Valuing American Values
Meryl Streep in a scene from Lions For Lambs…
Every day, we get hit with news blip after news blip, Beltway machinations galore, and a pile of interconnected disperate actions that speak far more loudly than all the pretty speeches that drip out like so much honey. Only it isn’t honey at all, but some saccharin-laden approximation of reality that never lives up to the original. It is frustrating as hell to find that something you’ve poured an enormous amount of effort and emotion into has dissipated like so much sand in a roaring wind.
The one constant is that the fight for “a more perfect union” continues. The responsibility for continuing that fight rests on all of us. As it must.
I’ve been watching the build-up of publicity, and the accompanying poo poohing of the chattering classes that a political think piece could do anything at the box office with some interest about Lions For Lambs. There is a predictable red versus blue sort of review of the film, but beyond that there are excuses for the media consistently interjected in the discussion…by members of the media doing reviews. Talk about your manufactured superficiality and ego.
The reality is that there are a lot of frustrated Americans out there looking for better answers.
A work of fiction can be a starting point, a springboard to a national conversation, not a means for finding all the answers. If ever there were a need for a wholesale national conversation about who we are and where we ought to be going, it is now. Honestly, I have never seen this level of disgust and simmering anger and fear and wholesale worry about where things will be for our nation’s children than I hear from friends and family these days — across the political spectrum.
This interview with Robert Redford, who directs and stars in the film, raises a whole lot of questions that we all ought to be asking — of ourselves and of the people we elect to represent our interests.
That reluctance goes a long way in explaining why Redford chose to direct “Lions for Lambs,” which in 88 fast-paced minutes takes on the issues of terrorism, U.S. foreign policy, higher education, personal responsibility and journalistic integrity. The script by Matthew Michael Carnahan uses three interlocking storylines to pose JFK’s venerable adage: “Ask not what your country can do for you — ask what you can do for your country.”
But after a preview of “Lions for Lambs” recently at the University of Chicago, Redford steered clear of picking a favorite among the current field of presidential contenders. “No, I’m not backing anybody,” he said. “I made the film to provoke thought, not to supply the answers.”…
Yes, but you have to pick somebody. “Eventually,” he said, laughing. “I do think activism is crucial however it comes. Just getting involved is important.”
Redford sees the movie as a challenge to the younger generation: “Use your education to get to the truth. Find a way to hold people accountable. Get involved; it’s your future. I can’t. It’s too late for me.”
Those words remind us that the perennially youthful Sundance Kid is now 71 (ironically, the same age as GOP candidate John McCain, who many consider too old to be president). Though the actor-director-activist might be riding off into the sunset, he’s still passionate about the state of our nation. “The values that this administration has trashed,” he said, his voice trailing off in disgust. “It’s going to take a long time to dig out of this hole.”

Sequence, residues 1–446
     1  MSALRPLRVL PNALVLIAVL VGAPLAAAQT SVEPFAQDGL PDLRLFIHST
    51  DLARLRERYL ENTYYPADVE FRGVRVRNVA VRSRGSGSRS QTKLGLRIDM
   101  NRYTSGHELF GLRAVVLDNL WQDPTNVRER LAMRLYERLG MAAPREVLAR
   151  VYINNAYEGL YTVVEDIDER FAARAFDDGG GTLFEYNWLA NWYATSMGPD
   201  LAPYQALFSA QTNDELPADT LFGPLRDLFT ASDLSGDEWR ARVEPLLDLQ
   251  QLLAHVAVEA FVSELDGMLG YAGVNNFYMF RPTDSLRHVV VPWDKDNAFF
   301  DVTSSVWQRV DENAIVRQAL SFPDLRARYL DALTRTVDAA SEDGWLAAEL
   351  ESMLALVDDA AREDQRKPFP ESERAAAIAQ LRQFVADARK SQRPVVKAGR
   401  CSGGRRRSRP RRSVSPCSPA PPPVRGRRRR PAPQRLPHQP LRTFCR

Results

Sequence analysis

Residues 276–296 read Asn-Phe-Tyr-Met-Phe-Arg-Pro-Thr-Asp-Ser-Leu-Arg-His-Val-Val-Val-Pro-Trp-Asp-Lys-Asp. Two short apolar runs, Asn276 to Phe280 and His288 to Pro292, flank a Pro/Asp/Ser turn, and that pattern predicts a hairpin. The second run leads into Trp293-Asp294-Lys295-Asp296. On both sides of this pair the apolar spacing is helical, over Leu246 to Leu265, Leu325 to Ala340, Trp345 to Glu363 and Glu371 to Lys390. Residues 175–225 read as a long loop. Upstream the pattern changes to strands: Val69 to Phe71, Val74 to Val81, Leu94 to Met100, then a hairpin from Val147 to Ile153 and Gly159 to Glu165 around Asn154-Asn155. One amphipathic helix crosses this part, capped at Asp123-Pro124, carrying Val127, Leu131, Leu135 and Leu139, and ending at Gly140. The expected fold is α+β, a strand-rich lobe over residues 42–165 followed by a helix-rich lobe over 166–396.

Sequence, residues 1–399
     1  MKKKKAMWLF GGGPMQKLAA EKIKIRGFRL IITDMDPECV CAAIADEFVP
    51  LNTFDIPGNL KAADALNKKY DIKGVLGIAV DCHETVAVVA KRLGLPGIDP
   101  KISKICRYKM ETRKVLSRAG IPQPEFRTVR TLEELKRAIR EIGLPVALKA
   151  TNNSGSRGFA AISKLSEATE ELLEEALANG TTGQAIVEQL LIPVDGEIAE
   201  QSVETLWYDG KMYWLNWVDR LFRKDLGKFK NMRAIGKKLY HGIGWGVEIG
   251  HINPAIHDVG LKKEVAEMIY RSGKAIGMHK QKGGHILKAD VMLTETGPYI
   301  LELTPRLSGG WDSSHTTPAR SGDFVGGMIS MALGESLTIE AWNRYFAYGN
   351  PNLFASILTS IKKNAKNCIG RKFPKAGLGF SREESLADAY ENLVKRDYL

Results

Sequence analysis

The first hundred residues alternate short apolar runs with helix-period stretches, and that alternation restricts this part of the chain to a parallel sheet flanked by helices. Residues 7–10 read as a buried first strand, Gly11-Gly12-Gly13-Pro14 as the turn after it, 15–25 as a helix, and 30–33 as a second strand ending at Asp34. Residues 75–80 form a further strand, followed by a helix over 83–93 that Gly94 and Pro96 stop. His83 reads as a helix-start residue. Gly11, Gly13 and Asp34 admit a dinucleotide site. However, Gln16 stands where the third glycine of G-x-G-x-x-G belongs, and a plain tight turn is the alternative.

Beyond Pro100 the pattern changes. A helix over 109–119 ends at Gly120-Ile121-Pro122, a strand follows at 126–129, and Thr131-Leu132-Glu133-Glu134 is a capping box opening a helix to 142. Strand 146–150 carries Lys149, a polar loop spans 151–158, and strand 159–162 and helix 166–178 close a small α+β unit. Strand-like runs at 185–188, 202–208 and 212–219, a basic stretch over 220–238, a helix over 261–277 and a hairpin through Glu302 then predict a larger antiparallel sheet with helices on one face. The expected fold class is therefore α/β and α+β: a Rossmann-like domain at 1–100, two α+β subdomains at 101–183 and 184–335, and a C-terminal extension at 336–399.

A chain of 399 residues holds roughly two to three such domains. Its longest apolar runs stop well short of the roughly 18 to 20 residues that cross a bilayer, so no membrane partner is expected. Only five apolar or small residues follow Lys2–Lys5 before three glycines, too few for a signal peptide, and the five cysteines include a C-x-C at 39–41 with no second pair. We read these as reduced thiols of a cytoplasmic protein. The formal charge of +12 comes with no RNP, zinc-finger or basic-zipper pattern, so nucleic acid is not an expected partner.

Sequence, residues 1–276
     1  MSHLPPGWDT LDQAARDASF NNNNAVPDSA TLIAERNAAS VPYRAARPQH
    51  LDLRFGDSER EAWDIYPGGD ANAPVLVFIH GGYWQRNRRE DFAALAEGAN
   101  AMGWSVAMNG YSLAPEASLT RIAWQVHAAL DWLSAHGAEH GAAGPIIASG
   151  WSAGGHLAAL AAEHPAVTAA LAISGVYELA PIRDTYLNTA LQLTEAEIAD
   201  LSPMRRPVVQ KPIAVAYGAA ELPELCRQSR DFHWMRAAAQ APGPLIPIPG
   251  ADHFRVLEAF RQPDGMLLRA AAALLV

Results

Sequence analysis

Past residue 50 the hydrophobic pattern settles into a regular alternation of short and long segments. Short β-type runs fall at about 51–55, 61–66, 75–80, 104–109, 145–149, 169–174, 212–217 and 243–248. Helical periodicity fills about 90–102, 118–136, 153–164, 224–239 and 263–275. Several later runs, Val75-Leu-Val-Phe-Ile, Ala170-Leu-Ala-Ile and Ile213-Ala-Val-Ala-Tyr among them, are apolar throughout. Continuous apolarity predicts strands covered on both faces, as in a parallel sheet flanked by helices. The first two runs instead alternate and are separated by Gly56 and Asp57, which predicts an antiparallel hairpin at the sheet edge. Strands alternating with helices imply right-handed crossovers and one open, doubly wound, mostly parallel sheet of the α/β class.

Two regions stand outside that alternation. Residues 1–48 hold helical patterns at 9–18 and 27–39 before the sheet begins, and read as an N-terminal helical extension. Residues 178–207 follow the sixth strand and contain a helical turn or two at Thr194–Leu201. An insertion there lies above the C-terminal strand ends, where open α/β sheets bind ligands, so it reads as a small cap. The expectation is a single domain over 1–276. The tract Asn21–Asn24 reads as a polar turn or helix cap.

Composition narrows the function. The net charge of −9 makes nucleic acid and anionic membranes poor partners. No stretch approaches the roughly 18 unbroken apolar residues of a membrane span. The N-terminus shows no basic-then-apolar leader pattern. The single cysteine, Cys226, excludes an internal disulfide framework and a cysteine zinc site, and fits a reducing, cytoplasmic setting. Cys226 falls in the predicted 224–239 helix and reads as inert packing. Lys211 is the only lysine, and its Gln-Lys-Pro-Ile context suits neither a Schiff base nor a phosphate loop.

Later, talking about the scene where Streep tells her editor that she doesn’t want to be used as a pawn in another march to war, Redford dismisses the easy excuses now offered by the body politic. “Like Hillary Clinton has said, ‘If I’d known then what I know now’ [she never would have supported the Iraq invasion]. But we did know. That’s just bull—-. We just rolled over.”
Despite what Fox News host Bill O’Reilly (who has called the movie “anti-American”) might contend, Redford insists “Lions for Lambs” is not an attack on Bush’s Iraq policy. “It’s not a lefty film. All points of view are represented. This film is not just about those issues. It had to be about something deeper.”
The issues that fuel the movie’s debate, Redford contends, follow in a line of political flashpoints such as McCarthyism, Watergate and Iran-contra. “You see a similar mindset during these eras that led to a loss of freedoms,” he said. “There are patterns that are being repeated today. What we’re trying to ask is: How close are we to losing what’s great about this country?”
Even though conservative pundits are piling on, Washington Redskins owner and voluble Republican Dan Snyder calls “Lions for Lambs” “pro-American. It asks questions that not only deserve to be asked, but heard. That’s more American than anything I can think of.”
Whatever your political philosophy, it is the day to day participation — the holding elected officials to account; the asking of difficult questions; the demanding transparency instead of backroom, hidden deals; the constant, ever-present push for the will of the people as opposed to the benefit of the few — that really counts. I’ve been wrestling with ways to involve more Americans in the discussion and activity: how do you interest an entire segment of the population which has turned off the citizenship portion of their lives? And, worse, how do you keep them going in the face of one frustration after another when the Beltway seems to be a completely different world from the one the rest of us live in every day?
Personally, I’ve stopped relying on the end result, and started concentrating on the fight itself. What is important is that you keep pushing toward a more perfect union, and that you work to bring more and more like-minded patriots into the mix where and when you can. Every day. Change occurs more gradually than most of us would like…but a change is gonna come.